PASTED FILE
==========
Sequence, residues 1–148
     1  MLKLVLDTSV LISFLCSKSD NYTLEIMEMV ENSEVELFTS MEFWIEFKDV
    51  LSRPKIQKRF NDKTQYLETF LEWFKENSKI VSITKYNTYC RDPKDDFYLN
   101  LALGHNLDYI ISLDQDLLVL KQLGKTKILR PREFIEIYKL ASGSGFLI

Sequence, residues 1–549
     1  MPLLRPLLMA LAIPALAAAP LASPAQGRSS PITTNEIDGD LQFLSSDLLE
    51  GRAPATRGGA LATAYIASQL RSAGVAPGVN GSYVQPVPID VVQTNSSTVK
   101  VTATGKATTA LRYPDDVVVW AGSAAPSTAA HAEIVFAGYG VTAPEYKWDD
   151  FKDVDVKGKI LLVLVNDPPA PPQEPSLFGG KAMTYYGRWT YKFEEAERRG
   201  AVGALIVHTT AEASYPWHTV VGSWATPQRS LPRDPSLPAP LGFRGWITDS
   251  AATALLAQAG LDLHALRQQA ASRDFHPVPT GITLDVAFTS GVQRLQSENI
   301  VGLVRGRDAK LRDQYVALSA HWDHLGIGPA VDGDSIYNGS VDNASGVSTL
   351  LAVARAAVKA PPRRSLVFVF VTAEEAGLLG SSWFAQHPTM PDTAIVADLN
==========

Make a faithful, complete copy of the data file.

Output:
Sequence, residues 1–148
     1  MLKLVLDTSV LISFLCSKSD NYTLEIMEMV ENSEVELFTS MEFWIEFKDV
    51  LSRPKIQKRF NDKTQYLETF LEWFKENSKI VSITKYNTYC RDPKDDFYLN
   101  LALGHNLDYI ISLDQDLLVL KQLGKTKILR PREFIEIYKL ASGSGFLI

Sequence, residues 1–549
     1  MPLLRPLLMA LAIPALAAAP LASPAQGRSS PITTNEIDGD LQFLSSDLLE
    51  GRAPATRGGA LATAYIASQL RSAGVAPGVN GSYVQPVPID VVQTNSSTVK
   101  VTATGKATTA LRYPDDVVVW AGSAAPSTAA HAEIVFAGYG VTAPEYKWDD
   151  FKDVDVKGKI LLVLVNDPPA PPQEPSLFGG KAMTYYGRWT YKFEEAERRG
   201  AVGALIVHTT AEASYPWHTV VGSWATPQRS LPRDPSLPAP LGFRGWITDS
   251  AATALLAQAG LDLHALRQQA ASRDFHPVPT GITLDVAFTS GVQRLQSENI
   301  VGLVRGRDAK LRDQYVALSA HWDHLGIGPA VDGDSIYNGS VDNASGVSTL
   351  LAVARAAVKA PPRRSLVFVF VTAEEAGLLG SSWFAQHPTM PDTAIVADLN